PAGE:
After a year of lockdown London, an overnight in Hay has the ecstatic fall and rise of a nostalgic nocturne, the gentle diminution at dusk followed by the dawn crescendo of rooks, blackbirds, buzzards, wood pigeons and racing tractors.
It beats NW1's sunrise cacophony of car alarms and skip trucks. And my hour on the cinema stage chatting about Latitude with Simon Hancock made me realise how lucky I am to have been invited back to the Festival.
I've always seen Hay as the perfect place for a book's first night. Thousands of hours of research and writing and redrafting until brain cells are popping and caffeine ceases to work, culminate in this pretty wad of printed pages in search of the right moment.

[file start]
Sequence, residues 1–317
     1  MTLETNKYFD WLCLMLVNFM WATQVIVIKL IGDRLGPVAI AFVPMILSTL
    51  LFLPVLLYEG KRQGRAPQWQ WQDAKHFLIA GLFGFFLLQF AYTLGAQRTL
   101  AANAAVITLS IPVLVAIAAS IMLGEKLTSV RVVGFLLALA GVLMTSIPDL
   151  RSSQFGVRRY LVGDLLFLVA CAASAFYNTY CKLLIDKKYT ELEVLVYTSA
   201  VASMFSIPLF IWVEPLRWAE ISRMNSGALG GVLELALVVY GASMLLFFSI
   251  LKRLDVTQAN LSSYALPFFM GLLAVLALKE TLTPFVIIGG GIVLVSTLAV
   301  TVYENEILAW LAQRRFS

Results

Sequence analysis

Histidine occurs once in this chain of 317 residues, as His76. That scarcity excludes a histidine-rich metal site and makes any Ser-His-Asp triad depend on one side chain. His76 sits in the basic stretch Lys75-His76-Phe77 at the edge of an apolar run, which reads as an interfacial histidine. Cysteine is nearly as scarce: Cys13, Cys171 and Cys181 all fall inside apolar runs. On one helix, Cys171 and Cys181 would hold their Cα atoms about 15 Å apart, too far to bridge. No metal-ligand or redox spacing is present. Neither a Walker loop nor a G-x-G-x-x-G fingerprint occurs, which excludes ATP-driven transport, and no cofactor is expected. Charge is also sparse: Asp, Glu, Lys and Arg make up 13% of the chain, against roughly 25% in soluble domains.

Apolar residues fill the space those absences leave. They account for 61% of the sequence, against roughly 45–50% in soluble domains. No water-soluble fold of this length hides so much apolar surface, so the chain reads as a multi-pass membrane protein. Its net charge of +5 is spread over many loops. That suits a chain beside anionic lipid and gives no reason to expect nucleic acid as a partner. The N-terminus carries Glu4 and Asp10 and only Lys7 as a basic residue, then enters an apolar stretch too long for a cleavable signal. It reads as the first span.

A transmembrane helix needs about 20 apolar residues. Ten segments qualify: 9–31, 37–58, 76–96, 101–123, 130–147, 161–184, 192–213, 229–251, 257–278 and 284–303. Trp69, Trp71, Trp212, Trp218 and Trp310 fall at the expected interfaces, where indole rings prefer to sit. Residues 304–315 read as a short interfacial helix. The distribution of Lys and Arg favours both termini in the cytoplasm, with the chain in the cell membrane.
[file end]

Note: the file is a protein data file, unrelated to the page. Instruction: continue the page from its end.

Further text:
For me, that moment will always be Hay. A border town is the right place to launch a book, to offer it up to unknown readers. And down on the banks of the Wye last night, with the muscled flood sliding by, I was able to imagine the river carrying my story downstream past the turrets of Goodrich and rapids of Symonds Yat to the tidal Severn and the ocean crossed by the scientists who sailed in 1735 to South America on the Latitude expedition. So thank you, Hay. Thank you for keeping the show on the road.
The geographer, explorer, author and broadcaster introduced his new book, Latitude, at Hay Festival 2021, published 25 years after Longitude. Other titles of his include Why Geography Matters: a brief guide to the planet and The Making of the British Landscape. Watch the event of Sunday 30 May again on Hay Player